BRIEF PROFILE OF THE LATE CDE THEMBA ‘LEFTY’ SOLWANDLE
20 AUGUST 1946 – 06 NOVEMBER 2007
By Nelvis Qekema
AZAPO National Political Commissar
Malcom X’s illustration of the difference between what he calls a House Nigger and a Field Nigger may be of great help in understanding the personality of Cde Themba ‘Lefty’ Solwandle. He says when the Master is sick the House Nigger exclaims, ‘We’re sick’, while the Field Nigger prays the Master dies. When the Master’s house catches fire the House Nigger tries to put out the fire, while the Field Nigger prays for stronger winds to blow and fan the fire.
A man of few words, who spoke loudly and clearly through his constructive deeds, Lefty dedicated his entire life to serving the people. As a result of that patriotic service, he found himself having to duck racist police bullets and was detained and tortured time and again by the notorious Special Branch. Sis’ Rita (his wife) and the children had to resign themselves to a situation where the husband and father was seldom at home.
His last job before he was arrested was as a Fire Brigade soldier. Again, the choice of job reveals a man with a large heart who was prepared to take life-threatening risks for the sake of the people. As a loyal and dedicated member of the Black People’s Convention (BPC), his Black Consciousness (BC) and Malcom X came to heart. During the 1976 upheavals the entire country was on fire as the BC militants set alight every property that was a symbol of oppression and apartheid. In the normal course of his duty as a firefighter, his white bosses expected Lefty to go and quell the revolutionary fires. That wasn’t to be. On the contrary, he would go and approvingly watch the apartheid buildings and cars burning; and even went to such lengths as starting some of the fires. Instead of a firefighter he had become a firelighter on the side of the struggling masses. In 1977 he was arrested for sabotage and convicted in 1978 after a long trial. He was imprisoned on Robben Island for 5 years and released in 1983.
You would have expected a man who did not see his children grow to shy away from anything that had the possibility of throwing him back in jail. With amazing conviction and commitment, Lefty joined the Port Elizabeth branch of AZAPO as soon as he was released! The organisation wasted no time in showing confidence to such a selfless cadre. He was elected the Projects Director. Under his leadership the organisation established a number of community development projects. Our mothers were organised around a sewing project, while other unemployed people got involved in the manufacturing of candles. This explains why Lefty was taken aback by today’s attitude of always waiting for the state to do everything for us, when we could have taken the initiative in the spirit of self-reliance to do some of the things ourselves.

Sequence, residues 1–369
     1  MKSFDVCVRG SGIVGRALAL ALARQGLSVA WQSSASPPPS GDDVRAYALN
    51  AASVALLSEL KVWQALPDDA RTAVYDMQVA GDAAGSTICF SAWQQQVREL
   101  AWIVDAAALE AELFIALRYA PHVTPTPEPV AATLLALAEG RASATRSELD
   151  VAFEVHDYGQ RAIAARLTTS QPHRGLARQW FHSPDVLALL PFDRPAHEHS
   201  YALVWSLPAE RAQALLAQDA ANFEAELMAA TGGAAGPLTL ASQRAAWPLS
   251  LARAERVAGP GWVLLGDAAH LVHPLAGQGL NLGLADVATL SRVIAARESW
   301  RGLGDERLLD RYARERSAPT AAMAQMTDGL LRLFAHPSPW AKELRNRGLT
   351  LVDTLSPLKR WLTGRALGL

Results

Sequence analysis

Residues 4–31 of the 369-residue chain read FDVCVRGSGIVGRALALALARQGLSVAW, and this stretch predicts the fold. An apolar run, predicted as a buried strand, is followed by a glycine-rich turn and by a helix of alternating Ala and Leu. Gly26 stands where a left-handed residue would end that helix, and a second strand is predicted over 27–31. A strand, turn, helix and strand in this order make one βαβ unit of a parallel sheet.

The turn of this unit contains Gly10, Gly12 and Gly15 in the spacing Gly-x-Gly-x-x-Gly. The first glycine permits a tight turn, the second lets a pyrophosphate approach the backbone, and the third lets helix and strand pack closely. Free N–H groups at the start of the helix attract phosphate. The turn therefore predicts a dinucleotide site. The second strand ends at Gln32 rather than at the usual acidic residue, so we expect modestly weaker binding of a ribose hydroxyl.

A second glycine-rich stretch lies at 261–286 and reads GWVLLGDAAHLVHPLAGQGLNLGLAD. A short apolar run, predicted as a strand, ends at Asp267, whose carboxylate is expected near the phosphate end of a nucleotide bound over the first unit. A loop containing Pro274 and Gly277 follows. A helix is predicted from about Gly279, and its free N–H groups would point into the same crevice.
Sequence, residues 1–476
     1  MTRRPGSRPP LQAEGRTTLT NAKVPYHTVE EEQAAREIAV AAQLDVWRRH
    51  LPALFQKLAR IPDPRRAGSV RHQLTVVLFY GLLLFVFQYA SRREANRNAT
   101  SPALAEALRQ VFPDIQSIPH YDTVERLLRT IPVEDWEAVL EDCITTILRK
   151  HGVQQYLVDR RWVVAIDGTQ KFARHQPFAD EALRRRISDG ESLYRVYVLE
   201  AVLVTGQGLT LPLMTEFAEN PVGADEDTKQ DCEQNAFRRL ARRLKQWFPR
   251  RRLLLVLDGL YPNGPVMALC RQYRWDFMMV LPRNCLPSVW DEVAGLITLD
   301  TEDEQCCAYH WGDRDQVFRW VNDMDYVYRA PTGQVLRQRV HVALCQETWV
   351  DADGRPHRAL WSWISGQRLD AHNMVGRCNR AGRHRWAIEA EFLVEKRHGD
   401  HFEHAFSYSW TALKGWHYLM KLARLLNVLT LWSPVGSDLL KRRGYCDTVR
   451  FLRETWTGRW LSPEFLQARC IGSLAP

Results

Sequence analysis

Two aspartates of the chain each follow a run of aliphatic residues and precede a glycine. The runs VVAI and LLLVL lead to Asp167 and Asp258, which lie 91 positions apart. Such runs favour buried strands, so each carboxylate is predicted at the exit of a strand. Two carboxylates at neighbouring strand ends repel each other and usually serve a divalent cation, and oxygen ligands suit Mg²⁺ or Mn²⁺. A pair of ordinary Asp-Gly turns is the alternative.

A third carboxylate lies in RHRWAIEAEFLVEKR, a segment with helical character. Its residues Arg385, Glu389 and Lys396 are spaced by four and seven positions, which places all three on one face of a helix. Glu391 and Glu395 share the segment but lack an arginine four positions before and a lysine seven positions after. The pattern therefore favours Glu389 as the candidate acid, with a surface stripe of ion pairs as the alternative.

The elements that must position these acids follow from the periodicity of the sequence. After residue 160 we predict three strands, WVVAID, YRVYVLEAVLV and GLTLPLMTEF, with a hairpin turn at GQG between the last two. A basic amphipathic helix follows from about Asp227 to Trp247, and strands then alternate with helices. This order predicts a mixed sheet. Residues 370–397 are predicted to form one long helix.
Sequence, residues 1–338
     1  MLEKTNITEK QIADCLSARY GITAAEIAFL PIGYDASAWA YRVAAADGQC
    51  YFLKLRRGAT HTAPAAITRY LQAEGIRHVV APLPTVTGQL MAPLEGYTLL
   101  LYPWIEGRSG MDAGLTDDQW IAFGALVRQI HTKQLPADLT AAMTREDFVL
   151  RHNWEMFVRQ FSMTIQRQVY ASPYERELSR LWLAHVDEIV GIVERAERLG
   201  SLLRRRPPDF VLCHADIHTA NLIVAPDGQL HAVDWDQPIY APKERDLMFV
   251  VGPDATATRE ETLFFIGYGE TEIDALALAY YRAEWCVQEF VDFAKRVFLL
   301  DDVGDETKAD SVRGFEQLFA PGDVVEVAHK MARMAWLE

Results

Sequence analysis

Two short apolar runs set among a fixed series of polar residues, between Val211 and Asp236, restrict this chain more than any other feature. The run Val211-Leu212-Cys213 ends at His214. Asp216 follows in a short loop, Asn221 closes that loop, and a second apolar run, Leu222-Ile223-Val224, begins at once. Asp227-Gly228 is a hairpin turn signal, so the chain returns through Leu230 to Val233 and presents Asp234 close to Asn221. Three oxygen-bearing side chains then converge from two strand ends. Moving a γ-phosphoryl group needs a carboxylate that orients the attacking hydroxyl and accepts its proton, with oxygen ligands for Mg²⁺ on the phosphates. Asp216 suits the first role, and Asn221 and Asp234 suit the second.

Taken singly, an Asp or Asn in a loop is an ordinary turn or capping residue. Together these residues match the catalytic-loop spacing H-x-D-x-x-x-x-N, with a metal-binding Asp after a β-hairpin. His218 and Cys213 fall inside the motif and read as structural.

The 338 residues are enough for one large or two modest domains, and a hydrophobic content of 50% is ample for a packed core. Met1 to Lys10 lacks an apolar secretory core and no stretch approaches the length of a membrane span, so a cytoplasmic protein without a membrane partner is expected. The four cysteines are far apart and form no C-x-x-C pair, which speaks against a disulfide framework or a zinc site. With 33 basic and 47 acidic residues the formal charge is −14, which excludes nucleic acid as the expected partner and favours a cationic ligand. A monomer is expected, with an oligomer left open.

His service to the community was disrupted by the eruption of the unfortunate and senseless feud between the UDF and AZAPO. Once more, Lefty’s selflessness came to the fore. At the time when AZAPO members were besieged, he relocated his ever-understanding family and made his house available to AZAPO members who had lost their homes to destruction by fire. His beige and brown Colt had virtually become the ‘official’ car of AZAPO. In times of distress and despair, his terse and forceful voice coupled with his ox-strong physique served as a source of inspiration to all of us.
The Special Pension Act of 1996 was meant to recognise the contributions of veterans in the struggle. Never meant to rest, Lefty became the first Head of the Special Pension’s regional offices in Port Elizabeth. At the time of his untimely death, he was invariably ensuring that the interests and livelihoods of the struggle veterans were not lost in the many priorities of the government.
AZAPO pays tribute to this brave and selfless son of the soil. May his soul rest in peace, as he joins the rest of the martyrs like Steve Biko, Abram Tiro, Mapetla Mohapi, Abu Asvat, Muntu Myeza and many others.